That also means that an early focus on elections would be counter productive. For many Somalis, representative democracy in which individuals are elected to make decisions on behalf of a populace is less democratic than the patriarchal but otherwise egalitarian (for men) system of discussion and debate that is employed under Somali custom. So elections are not a process of ‘democratisation’ but rather the opposite: a retreat from the slow and unpredictable process of consensus-building to a less egalitarian but more efficient form of decision-making. Now let’s not get this wrong: it is very likely that representative democracy will eventually be needed in some form in the Somali territories in order to facilitate the establishment of a reasonably legitimate state. That is, after all, the transition that Somaliland has gone so far towards achieving. But in the southern areas of the erstwhile Republic of Somalia, the time is not yet right for that transition. And in the meantime, external actors need to be prepared to go along with an unpredictable and probably fairly slow process of consensus-building.
The most remarkable thing about Somaliland is that, whatever the claims to the contrary, it was founded as a genuinely multi-clan polity, and no other multi-clan Somali political entity has been so successful and with such genuinely local involvement. The simmering tensions between the different clans represented within Somaliland’s colonial borders represent a significant challenge, but it is important to remember that those who are currently most dissatisfied with the Somaliland administration were intimately involved in the formation of the state between 1991 and 1997. The fact that Somaliland was founded as a multi-clan political union with broad local support should not be forgotten by anyone.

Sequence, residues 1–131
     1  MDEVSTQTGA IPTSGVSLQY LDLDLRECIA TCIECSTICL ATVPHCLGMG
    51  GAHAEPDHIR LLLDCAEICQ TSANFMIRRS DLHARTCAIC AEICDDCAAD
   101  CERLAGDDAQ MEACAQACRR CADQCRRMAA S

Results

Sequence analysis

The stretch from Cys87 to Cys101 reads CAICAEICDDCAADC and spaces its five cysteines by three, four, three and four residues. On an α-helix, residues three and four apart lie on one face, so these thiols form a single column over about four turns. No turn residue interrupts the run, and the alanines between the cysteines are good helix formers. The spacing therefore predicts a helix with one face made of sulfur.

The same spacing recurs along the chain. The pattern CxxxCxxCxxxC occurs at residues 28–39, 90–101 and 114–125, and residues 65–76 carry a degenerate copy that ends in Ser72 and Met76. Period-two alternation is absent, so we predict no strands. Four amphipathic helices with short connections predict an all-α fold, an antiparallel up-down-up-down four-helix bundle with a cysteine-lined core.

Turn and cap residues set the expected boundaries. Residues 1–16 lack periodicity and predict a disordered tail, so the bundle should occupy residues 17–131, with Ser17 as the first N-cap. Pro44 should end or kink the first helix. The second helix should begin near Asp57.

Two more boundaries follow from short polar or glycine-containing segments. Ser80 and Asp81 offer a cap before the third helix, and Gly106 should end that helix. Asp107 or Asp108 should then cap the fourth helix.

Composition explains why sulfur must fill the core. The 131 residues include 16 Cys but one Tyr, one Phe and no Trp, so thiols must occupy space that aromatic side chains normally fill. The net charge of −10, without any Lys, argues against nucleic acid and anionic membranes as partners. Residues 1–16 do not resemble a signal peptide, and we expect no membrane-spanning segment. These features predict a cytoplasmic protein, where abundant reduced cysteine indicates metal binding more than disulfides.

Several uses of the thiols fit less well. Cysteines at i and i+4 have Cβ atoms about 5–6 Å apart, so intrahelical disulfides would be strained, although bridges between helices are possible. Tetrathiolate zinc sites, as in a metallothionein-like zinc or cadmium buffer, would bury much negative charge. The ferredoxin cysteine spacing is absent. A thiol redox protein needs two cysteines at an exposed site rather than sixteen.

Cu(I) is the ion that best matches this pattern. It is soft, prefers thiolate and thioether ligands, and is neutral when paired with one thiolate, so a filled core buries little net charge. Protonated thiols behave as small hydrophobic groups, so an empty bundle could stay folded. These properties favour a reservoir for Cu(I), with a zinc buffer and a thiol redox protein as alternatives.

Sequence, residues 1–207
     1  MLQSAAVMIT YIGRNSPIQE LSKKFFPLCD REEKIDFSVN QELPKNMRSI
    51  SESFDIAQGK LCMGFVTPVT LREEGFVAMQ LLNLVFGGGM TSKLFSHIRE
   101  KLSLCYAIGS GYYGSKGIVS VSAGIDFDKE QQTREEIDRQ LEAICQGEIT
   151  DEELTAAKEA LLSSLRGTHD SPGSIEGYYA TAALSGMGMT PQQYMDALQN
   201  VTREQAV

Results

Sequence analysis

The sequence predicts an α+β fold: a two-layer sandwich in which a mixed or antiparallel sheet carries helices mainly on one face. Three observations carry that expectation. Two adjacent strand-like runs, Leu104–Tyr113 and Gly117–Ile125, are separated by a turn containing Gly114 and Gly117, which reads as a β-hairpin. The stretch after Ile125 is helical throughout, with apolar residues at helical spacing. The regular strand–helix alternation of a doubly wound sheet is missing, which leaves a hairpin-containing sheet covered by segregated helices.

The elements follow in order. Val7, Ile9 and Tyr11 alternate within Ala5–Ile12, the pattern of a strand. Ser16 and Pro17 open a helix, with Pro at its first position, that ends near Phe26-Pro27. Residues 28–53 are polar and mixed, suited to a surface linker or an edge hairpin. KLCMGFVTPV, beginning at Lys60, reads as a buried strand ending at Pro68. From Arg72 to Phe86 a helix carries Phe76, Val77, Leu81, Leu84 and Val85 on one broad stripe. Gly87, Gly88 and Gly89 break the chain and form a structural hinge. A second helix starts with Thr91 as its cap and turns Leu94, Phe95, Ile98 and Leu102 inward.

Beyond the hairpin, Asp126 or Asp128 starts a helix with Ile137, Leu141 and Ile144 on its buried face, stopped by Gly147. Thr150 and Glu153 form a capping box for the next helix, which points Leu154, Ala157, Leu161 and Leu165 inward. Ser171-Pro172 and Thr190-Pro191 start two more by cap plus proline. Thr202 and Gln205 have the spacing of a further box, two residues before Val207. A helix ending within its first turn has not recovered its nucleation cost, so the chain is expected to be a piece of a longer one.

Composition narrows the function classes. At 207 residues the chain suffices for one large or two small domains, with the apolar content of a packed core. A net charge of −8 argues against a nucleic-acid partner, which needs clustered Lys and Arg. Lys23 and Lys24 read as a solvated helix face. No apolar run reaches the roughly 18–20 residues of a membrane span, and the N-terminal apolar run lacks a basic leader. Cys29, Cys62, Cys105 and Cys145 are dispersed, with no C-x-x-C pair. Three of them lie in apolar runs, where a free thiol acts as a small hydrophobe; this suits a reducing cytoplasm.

Part of the lesson is that political nationalism is not the same as cultural, linguistic or religious unity. The political nation-state is a construct that requires a great deal of compromise. Somali society is remarkably vibrant and, in many ways, successful. The measure of economic performance that would pass for GDP per capita if reliable data were available almost certainly surpasses that of neighbouring countries. The telecoms, finance and trade sectors thrive. Just about everywhere, not just in Hargeisa or Bosaso. But business unity and cultural, linguistic and religious commonalities have not formed a good base for nationhood elsewhere, so why should they here? The dream of a unitary state based on either one or other sub-clan grouping or, at the other extreme, a Greater Somalia, just don’t make sense.
As the various actors who met in London on 23rd February move to develop a new approach to supporting stability in the Somali Horn of Africa, they would do well to build on local initiatives, and to support the successes that are already evident. But that needs to be done with caution and patience. Hurrying the process is likely to worsen security for the UK, US and Somalia’s neighbours and prolong the crisis for locals. But facilitating a process which is Somali-led requires a willingness by international actors to step back and let Somalis agree for themselves: first of all, the terms under which they’ll coexist with other clans and sub-clans; and, secondly, what their state will look like. That will test the patience and commitment of international actors, regardless of how sophisticated their dialogue. But it’s a test that they need to pass just as Somalis themselves must negotiate difficult compromises.